guest review | Ira West: Making Room for the “Little Ones” – Pasadena Now

Pasadena shoppers are beginning to see large storefront signs popping up at small stores around town. your message? Support the rent control in the November elections.

On a recent weekend, I joined Mercy Young, the 36-year-old campaign coordinator for the Pasadena Rent Control Campaign, as we walked down Colorado Boulevard across from the Paseo Mall and worked with employees and owners to rally support for placing signs in their windows.

In one hour, she approached 11 businesses, placed or handed out 8 signs, and received only two resounding “nos” – one from a shopkeeper who said he owned real estate.

Employees and owners of other shops and restaurants were often enthusiastic. At one o’clock, a clerk behind the counter revealed that her rent had quadrupled in the last year and she was now paying $2,400 for a studio.

But we didn’t walk the Paseo. “Companies are very unlikely to support local efforts, particularly political campaigns like ours,” Young said, “while mom and pop shop owners are very receptive to our cause and more than happy to put up one of our signs in their storefront windows.”

This is the first time a rent control campaign in Pasadena has garnered enough voter signature support to make it onto the ballot after a failed attempt in 2018. People from other communities are often puzzled that rent control never caught on in this city — where about 62 percent of residents are renters — while elsewhere across the state rent control struggles have been successful, beginning in Southern California in the late 1970s and early 1980s in Los Angeles and Santa Monica, followed by Beverly Hills and West Hollywood.

Last fall, Santa Ana became the first Orange County city to enact a rent control measure. Other nearby jurisdictions have already implemented eviction protections similar to those in Santa Ana, including Los Angeles County, Inglewood and Culver City.

But since 1994, state legislatures have imposed strict limits on what types of rent controls cities and counties can put in place.

Young, who has worked in the affordable housing space for seven years, sees profound structural forces at work in Pasadena, defined by wealth and ownership. Only one Pasadena City Council member, Jess Rivas, is on record supporting rent control. Councilor John J. Kennedy, on the other hand, has said, “Rent control is a well-intentioned bad idea.” Kennedy’s biography on the City of Pasadena website notes that he is in the real estate business.

The city council’s response to the grassroots campaign to put rent controls on the ballot was to coordinate with city officials to produce a report on the economic impact of the proposed rent control initiative. According to Michelle White, a long-time advocate for fair housing in Pasadena, “Such analyzes typically deal almost exclusively with the real estate industry’s arguments, briefly leaving behind the impact on the city’s renters.”

Young added, “Landlords want to protect their interests, like neighborhood upkeep, and don’t care that the single mother and her four children are being evicted just behind that tree,” Young said.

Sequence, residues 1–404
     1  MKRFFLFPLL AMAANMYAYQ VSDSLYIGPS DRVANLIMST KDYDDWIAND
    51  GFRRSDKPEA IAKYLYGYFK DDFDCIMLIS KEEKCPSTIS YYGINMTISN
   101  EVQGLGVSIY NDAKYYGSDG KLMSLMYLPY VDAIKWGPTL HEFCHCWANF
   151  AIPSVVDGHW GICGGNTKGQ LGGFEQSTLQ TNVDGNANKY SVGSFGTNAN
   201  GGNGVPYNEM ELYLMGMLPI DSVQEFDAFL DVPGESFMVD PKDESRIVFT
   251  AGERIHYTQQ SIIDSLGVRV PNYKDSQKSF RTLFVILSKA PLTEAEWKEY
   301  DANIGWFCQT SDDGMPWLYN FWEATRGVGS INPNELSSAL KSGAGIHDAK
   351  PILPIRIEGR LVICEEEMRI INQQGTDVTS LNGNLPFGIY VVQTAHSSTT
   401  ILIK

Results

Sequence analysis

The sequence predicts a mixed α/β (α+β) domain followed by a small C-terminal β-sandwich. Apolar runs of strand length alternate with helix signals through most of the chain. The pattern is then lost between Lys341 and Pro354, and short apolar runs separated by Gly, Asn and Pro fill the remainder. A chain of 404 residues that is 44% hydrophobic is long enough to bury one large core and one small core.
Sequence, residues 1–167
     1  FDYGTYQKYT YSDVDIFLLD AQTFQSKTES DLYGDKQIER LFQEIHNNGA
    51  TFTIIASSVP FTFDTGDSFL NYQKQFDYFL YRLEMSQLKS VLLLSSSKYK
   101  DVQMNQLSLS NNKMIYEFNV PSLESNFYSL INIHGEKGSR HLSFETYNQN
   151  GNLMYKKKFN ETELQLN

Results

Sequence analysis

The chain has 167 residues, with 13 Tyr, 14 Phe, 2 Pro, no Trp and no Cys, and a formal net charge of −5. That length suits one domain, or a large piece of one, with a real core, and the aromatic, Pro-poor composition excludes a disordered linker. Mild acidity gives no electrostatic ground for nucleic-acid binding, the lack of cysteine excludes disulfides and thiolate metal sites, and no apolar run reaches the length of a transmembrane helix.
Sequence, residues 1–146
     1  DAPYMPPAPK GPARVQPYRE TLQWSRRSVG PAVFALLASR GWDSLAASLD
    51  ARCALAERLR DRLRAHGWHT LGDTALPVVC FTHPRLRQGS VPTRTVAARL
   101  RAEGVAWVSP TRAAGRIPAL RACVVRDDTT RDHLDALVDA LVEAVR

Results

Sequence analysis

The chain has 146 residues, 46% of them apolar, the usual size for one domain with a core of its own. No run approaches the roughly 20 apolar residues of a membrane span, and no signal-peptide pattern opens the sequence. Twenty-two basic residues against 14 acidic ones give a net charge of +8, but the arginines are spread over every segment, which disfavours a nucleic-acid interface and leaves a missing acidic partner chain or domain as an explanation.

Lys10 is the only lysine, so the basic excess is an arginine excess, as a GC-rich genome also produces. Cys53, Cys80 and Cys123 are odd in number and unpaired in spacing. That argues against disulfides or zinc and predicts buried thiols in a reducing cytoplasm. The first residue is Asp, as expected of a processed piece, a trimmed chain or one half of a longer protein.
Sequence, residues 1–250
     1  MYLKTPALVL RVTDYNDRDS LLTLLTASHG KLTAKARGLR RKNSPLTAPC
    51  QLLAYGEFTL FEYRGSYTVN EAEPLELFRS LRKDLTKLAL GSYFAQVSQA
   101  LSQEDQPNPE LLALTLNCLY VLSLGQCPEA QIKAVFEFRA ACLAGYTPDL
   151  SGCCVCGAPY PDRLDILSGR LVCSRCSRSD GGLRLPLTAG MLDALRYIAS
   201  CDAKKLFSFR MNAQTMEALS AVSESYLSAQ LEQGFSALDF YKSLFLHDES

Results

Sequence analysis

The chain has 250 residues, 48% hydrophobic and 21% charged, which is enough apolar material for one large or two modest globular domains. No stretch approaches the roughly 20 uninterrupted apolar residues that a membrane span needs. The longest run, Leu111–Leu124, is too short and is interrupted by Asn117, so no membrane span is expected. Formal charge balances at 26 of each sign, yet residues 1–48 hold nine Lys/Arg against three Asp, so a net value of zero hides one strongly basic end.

“Landlords justify ‘rezoning’ [evictions due to major renovations] than maintaining the neighborhood and increasing property value,” Young explained. “Coupled with this are other wealthy, influential groups who prioritize protecting the city’s character and landscape over the needs of struggling tenants.

As a prime example, “the Pasadena Heritage Foundation wants the city to designate more and more parts of the city as landmark districts,” making those districts ineligible for affordable housing.

Eviction protection for justified reasons is another important part of the proposed rental price brake. The same applies to relocation assistance if a tenant is evicted through no fault of his own.

A longtime resident of Northwest Pasadena, Nate Cooke, presented his eviction story to the city council. His new landlord, Cooke said, evicted him to remodel his badly neglected unit after living there for six years, then listed the property with this description: “Price for immediate liquidation. 3 units in the best rental location. No rent stabilization…. Opportunity to increase rents.”

Cooke said: “Landlords should not be allowed to evict tenants without a valid reason. Rents must not increase astronomically from year to year. Because we lack these basic protections, my family is forced to leave Pasadena to find housing we can afford. We will continue to commute here. My work is here.”

Every weekend, dozens of volunteers — including not just renters but homeowners and people of all ages — parade across Pasadena to place literature in apartments and houses, put up lawn signs, and rally support before organizers see an inevitable counterattack by deep-rooted real estate interests .

But Kerwin Manning, senior pastor of the Pasadena Church in Northwest Pasadena and one of several Pasadena churches supporting the campaign, is hoping the tide will turn.

“The right to affordable housing is something that every human being deserves,” he said. “We need to take better care of what the Scriptures call care of ‘the least of these.’ The aldermen here have always catered to the elites of our community, like the Caltechs and the JPLs. But we must make room for those who cannot afford to live here. Am I my brother’s keeper? Yes I am.”

Ira West is a retired high school teacher and former journalist. He is currently a volunteer in the Pasadena Rent Control Campaign.

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